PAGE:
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Gene therapy, new drug for rare but deadly disease in kids

Staff Writer |
Babies born with a previously untreatable degenerative nerve disease now have two fresh sources of hope for their future.

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Two innovative new therapies for spinal muscular atrophy (SMA) type 1 have proven highly effective in clinical trials, researchers report.

Babies with SMA are born without the gene that promotes production of survival motor neuron (SMN) protein. Without this protein, nerve cells in the spinal cord and brain stem stop working and start to die off.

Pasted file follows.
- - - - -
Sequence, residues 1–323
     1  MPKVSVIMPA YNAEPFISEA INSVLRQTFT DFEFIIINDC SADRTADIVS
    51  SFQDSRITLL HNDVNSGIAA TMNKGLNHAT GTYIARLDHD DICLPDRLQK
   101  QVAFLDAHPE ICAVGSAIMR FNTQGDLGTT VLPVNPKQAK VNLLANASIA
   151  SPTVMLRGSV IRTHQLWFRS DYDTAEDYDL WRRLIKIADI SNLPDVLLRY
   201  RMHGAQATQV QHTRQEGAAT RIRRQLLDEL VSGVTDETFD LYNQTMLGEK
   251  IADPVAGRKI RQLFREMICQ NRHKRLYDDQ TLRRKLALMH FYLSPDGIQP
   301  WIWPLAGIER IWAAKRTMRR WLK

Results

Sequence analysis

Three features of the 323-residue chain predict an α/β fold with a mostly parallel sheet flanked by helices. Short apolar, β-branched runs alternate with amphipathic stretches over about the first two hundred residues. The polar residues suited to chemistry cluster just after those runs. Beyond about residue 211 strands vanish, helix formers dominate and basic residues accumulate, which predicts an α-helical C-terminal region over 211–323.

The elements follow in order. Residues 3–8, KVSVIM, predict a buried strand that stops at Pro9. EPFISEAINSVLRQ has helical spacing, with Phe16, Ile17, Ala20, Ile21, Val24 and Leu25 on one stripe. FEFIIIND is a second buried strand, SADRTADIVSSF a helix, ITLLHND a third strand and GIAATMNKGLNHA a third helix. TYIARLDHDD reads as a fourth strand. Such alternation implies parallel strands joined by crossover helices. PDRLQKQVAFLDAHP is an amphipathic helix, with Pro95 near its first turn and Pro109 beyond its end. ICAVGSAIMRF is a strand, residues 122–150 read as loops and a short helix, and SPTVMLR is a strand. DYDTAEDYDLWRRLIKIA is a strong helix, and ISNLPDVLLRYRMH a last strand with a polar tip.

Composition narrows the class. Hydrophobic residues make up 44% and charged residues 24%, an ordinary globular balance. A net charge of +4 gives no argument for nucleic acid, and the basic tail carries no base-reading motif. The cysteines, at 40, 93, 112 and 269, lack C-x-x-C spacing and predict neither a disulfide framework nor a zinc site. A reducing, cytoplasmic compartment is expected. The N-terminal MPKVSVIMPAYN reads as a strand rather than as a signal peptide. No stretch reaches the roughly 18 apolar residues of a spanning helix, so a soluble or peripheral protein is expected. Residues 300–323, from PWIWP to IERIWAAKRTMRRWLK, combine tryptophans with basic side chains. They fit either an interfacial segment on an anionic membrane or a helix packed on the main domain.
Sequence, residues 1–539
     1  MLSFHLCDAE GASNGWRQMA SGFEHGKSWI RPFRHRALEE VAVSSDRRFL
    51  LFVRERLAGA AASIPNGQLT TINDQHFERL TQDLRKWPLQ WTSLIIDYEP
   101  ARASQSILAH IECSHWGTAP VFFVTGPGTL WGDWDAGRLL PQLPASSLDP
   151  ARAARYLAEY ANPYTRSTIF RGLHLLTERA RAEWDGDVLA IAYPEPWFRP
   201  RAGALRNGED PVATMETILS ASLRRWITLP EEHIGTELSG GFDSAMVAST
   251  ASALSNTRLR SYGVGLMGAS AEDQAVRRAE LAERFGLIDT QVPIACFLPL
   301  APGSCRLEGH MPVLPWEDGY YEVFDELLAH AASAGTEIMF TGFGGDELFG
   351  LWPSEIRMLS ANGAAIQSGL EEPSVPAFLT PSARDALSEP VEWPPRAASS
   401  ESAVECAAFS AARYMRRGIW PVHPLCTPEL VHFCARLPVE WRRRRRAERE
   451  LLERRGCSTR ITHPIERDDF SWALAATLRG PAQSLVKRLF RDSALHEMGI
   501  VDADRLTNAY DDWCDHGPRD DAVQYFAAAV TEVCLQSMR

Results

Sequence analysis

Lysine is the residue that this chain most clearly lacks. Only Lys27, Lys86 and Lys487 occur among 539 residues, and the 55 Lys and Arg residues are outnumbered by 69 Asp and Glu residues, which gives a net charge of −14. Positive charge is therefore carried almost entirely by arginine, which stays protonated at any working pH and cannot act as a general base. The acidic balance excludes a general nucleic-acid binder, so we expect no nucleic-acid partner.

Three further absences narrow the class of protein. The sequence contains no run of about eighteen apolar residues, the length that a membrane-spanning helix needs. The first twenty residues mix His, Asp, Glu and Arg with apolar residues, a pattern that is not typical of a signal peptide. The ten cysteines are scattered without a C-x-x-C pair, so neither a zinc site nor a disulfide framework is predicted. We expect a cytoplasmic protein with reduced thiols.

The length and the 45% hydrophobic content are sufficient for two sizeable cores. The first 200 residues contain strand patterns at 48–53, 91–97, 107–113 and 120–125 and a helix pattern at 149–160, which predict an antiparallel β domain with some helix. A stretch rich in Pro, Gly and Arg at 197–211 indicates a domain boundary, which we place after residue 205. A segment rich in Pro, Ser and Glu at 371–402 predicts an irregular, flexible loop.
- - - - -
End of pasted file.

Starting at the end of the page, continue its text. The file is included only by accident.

These babies slowly lose the ability to move their arms and legs. Those with the most severe form, SMA type 1, eventually lose the ability to breathe on their own and rarely survive beyond 2 years of age.

Two research groups say they've produced breakthrough therapies for these children.

First, a new genetic treatment employed a DNA-loaded virus to replace the missing SMN1 gene with a fresh, healthy copy of the gene.

Second, an already-approved drug called nusinersen (Spinraza) was used to promote production of the crucial nerve protein by a backup gene called SMN2.

Both approaches increased survival in babies with SMA and preserved or improved their motor function, the researchers said.


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